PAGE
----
Five Ways to Mine Prospects on LinkedIn

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I sent a client’s resume to a recruiter friend of mine to see if he could help in his job search.  While he didn’t have any suitable positions for him, he offered some interesting advice for prospecting on LinkedIn.


LinkedIn is quickly becoming THE place for professionals to connect and network.  I heard one “expert” predict the demise of the resume as a result of social networking sites such as LinkedIn and Facebook.  Who needs the lengthy process of gathering, opening, scanning, filing and then retrieving resumes when you can just login and get what you need from the wealth of public information on the Internet?  LinkedIn also has the advantage of company sponsored profiles, discussion groups and a comfortable, professional way to connect with others.  I predict that along with the phone interview, a Skype interview will become part of the regular candidate pre-screening process.  


To widen my client’s network, my recruiter friend made a few suggestions:


  • My client had a side business working for a supplier to the culinary industry.  His customers were restaurants and food service companies, so why not connect with managers at his customer’s companies?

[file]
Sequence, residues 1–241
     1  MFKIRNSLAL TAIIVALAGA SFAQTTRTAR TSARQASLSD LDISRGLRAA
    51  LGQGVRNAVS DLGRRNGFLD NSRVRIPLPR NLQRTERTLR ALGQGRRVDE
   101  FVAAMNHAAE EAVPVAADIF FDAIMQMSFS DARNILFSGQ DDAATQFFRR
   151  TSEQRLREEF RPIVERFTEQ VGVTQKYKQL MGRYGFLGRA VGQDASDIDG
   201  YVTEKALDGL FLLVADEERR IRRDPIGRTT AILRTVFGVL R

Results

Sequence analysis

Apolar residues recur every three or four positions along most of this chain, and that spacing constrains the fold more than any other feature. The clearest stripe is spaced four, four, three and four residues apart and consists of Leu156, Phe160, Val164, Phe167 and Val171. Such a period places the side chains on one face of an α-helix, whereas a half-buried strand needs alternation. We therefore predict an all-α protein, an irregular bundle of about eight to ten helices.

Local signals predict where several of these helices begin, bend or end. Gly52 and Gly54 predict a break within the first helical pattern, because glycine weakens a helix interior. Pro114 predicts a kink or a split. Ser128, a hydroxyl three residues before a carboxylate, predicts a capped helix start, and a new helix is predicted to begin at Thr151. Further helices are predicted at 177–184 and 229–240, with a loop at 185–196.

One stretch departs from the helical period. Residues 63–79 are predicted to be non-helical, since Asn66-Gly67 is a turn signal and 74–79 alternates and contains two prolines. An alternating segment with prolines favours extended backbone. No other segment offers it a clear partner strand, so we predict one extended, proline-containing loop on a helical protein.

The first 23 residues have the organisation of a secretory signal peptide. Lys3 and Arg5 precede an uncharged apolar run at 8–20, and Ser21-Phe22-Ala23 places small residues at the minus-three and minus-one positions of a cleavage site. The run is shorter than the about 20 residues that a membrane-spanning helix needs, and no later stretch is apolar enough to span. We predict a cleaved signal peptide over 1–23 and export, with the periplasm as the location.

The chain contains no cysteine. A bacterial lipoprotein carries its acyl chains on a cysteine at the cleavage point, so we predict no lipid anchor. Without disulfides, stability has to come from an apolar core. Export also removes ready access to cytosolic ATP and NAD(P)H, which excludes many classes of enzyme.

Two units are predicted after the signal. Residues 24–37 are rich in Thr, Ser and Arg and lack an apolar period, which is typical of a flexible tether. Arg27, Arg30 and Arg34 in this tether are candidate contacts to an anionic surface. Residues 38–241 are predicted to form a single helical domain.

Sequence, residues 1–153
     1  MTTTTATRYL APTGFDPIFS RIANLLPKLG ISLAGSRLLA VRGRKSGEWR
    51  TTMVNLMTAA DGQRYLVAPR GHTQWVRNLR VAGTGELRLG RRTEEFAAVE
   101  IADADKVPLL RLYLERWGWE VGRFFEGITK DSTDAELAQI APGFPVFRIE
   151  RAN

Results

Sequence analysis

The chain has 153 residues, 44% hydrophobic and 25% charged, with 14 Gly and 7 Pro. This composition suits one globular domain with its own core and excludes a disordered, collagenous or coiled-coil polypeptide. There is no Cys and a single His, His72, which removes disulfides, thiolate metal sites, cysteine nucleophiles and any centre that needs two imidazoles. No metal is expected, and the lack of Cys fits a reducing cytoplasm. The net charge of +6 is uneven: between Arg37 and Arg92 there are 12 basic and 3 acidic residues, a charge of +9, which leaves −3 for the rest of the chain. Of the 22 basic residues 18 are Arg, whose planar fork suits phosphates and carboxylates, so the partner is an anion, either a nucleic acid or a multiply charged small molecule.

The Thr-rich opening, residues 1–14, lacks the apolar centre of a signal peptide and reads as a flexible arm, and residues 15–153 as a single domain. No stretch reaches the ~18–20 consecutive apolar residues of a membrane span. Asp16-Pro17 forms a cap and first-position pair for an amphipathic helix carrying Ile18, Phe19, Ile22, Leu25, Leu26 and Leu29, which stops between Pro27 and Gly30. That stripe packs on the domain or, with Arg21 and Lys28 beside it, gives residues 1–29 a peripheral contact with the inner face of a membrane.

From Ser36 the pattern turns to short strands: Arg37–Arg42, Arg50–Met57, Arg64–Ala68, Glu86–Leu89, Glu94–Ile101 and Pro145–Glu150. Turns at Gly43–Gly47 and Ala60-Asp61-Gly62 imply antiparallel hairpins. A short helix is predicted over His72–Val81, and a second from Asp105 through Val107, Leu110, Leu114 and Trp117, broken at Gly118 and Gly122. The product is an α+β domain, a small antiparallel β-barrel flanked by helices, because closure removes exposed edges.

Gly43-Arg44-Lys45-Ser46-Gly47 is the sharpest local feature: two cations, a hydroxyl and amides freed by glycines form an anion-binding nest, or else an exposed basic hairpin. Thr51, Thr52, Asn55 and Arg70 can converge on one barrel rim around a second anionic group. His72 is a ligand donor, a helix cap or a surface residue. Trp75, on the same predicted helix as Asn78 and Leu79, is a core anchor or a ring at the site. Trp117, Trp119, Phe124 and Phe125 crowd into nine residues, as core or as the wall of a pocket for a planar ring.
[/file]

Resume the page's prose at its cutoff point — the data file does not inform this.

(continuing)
• He had been an executive chef, with experience in designing and setting up commercial kitchens.  Another source of contacts could be colleges and universities with culinary programs that could use his experience in designing restaurants and kitchens.


  • He worked in a very non-traditional company with an emphasis on “green technology.”  He can leverage his experience in these work environments by connecting with other companies with the same unstructured, environmental focus. 


  • He could do a search of his high school and college classmates and past co-workers and clients.   People frequently change jobs and start businesses, and one of them may be in a position to give him a great recommendation.


  • Offer to write recommendations for contacts who have a connection to his target companies or industries.  Many will return the favor and write one for him as well.   The more recommendations he has, the better he will appear to a prospective employer. 


You’re more likely to get an interview if your resume travels on the recommendation of a colleague, former boss or business professional.  Use LinkedIn or other social media sites or a Google search to find the name of a manager or human resources representative and send a paper copy of our resume after you apply online.  The online version may never get through the robotic online screening system.  Be creative and use every angle you can find.


How are you mining social networking sites?  Share your tips in the Comments section below.


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